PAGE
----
Basically, you will find two types of hot water recirculation pumps – Full Reciprocating Pump system and Recirculating Pump Comfort System. Each of these two systems come with different setup, skills, labor, and costs.
What Are the Energy Costs of Water Recirculation Pumps?
The actual costs of energy on the water circulation pumps can be dependent on the system and the wattage of your pump. In case you have a timer on the pump, the average cost – assuming an average of three to four hours of running – you will incur $20 to 30 per year on the energy costs for your water recirculation pump.
The average cost of electricity for a small pump should be around $ 0.12 to $ 0.15 per kW. That should take you the energy cost of around $ 26 to $ 34 by that calculation.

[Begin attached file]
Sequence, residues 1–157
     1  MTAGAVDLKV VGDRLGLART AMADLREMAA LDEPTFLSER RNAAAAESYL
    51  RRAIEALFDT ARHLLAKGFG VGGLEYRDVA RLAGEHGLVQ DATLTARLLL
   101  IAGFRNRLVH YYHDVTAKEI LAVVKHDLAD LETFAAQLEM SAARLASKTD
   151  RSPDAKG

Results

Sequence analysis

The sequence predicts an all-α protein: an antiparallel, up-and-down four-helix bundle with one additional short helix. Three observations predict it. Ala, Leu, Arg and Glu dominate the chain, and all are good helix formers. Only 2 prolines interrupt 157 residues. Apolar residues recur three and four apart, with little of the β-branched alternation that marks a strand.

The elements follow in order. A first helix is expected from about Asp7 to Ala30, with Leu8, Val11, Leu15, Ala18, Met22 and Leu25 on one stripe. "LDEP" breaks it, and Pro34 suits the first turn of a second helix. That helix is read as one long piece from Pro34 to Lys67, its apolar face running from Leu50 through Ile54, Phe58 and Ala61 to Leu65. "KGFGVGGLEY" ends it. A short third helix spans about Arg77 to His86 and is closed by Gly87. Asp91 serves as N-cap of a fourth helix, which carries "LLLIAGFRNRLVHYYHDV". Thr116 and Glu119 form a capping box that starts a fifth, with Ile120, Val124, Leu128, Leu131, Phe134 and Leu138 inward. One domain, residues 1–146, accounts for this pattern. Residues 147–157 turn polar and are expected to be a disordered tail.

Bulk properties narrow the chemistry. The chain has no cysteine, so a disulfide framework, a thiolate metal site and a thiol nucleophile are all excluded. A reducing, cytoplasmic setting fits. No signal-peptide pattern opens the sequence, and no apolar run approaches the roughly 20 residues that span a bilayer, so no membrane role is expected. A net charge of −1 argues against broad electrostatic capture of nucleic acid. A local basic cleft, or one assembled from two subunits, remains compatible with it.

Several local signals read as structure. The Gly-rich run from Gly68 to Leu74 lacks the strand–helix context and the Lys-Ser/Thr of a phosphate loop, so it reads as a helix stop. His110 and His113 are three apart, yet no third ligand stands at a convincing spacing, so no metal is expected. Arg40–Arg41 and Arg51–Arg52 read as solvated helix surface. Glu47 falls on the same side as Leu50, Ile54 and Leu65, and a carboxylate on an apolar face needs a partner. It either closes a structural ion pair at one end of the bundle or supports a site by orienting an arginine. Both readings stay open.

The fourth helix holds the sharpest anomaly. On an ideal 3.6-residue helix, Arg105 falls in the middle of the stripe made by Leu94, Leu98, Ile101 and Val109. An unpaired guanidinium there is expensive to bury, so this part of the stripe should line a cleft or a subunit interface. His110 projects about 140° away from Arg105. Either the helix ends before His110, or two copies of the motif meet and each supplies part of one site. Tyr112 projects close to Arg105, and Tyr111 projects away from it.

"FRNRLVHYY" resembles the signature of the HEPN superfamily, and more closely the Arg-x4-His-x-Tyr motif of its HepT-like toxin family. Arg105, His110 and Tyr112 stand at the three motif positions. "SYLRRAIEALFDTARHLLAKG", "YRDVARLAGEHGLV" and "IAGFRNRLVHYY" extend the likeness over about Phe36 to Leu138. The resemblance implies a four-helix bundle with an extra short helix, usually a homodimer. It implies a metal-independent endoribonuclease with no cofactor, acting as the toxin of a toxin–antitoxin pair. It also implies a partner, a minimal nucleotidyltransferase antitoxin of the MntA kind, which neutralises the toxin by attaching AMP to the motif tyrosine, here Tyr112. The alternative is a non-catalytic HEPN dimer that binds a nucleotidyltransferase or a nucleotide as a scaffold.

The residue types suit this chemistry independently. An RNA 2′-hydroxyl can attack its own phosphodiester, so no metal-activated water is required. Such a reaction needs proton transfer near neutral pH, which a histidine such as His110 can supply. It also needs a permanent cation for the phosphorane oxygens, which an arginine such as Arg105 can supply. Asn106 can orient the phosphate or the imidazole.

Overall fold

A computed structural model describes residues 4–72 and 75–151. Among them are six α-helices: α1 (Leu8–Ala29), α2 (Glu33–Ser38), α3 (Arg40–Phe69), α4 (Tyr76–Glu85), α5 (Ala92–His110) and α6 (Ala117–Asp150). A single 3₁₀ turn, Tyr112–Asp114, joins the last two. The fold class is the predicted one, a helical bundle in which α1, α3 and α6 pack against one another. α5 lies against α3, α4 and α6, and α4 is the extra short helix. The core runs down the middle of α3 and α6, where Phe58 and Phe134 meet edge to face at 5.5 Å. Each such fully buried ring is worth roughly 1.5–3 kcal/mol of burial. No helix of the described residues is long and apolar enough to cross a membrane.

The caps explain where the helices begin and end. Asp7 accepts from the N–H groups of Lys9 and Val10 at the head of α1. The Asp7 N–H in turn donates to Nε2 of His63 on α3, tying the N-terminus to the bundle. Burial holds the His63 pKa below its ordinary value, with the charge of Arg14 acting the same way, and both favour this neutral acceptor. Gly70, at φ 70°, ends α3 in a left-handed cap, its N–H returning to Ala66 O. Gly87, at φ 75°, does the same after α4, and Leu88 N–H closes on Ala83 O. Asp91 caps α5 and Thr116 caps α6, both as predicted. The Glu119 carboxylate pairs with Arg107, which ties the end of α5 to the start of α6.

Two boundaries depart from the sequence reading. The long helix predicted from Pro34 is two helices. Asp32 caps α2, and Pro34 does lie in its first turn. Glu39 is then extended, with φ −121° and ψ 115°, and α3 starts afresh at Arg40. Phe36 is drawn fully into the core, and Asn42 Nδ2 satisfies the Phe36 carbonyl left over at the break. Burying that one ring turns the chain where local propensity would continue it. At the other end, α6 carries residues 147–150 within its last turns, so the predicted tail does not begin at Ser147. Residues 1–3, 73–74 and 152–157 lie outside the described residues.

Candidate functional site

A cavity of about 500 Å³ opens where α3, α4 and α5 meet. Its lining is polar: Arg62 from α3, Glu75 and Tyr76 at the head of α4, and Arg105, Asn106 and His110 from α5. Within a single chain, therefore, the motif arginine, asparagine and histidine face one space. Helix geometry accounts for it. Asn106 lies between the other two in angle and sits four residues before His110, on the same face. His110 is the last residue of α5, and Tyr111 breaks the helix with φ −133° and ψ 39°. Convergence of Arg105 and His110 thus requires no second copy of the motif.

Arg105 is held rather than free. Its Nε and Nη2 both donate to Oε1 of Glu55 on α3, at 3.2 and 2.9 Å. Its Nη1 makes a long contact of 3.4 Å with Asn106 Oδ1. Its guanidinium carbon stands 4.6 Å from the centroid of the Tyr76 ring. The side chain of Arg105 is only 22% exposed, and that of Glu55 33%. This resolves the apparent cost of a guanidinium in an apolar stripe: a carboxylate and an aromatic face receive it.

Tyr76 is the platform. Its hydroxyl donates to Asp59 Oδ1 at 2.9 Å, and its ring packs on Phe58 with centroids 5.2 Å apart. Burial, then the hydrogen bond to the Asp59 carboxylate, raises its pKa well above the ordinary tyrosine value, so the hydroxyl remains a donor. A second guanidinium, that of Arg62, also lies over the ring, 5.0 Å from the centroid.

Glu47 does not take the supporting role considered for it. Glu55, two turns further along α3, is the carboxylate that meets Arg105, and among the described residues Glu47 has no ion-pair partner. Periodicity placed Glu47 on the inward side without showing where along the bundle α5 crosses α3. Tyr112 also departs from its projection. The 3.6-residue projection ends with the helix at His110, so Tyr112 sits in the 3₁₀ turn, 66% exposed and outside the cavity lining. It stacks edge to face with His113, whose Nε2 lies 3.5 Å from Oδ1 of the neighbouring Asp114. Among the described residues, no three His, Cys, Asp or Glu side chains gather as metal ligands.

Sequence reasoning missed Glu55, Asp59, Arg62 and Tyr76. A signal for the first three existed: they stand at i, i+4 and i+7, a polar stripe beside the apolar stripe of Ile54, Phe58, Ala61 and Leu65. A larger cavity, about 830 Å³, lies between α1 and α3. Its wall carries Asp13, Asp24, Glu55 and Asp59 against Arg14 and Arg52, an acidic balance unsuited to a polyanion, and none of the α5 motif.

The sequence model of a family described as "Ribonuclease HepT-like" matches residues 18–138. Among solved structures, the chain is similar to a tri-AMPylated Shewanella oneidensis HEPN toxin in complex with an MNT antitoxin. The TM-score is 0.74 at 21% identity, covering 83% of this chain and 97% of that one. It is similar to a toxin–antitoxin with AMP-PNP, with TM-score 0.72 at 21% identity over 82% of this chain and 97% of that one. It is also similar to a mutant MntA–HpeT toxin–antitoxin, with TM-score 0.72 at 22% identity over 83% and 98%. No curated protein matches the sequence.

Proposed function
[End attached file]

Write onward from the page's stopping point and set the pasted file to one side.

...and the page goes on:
Traditional vs. Tankless Water Heaters – What are the differences?
A tankless water heater is also known as on-demand water heater. These make use of the high powered burners for heating the water rather rapidly. The tankless water heaters supply the hot water directly to your faucets without storing it. A traditional storage water heater, on the other hand, has an insulated tank. The tank capacity can range anywhere between 30 to 50 gallons.
If you are checking out the differences between a tankless and traditional water heater, there isn’t a clear winner. Both of them have their own advantages and disadvantages.
Tankless Water Heaters
Traditional Water Heaters
The Bottom Line
A hot water recirculating system can be a great help if you do not want to wait for hot water. Irrespective of the size of your home, using an excellent hot water recirculating system can help you save your time, energy, and costs to a considerable extent.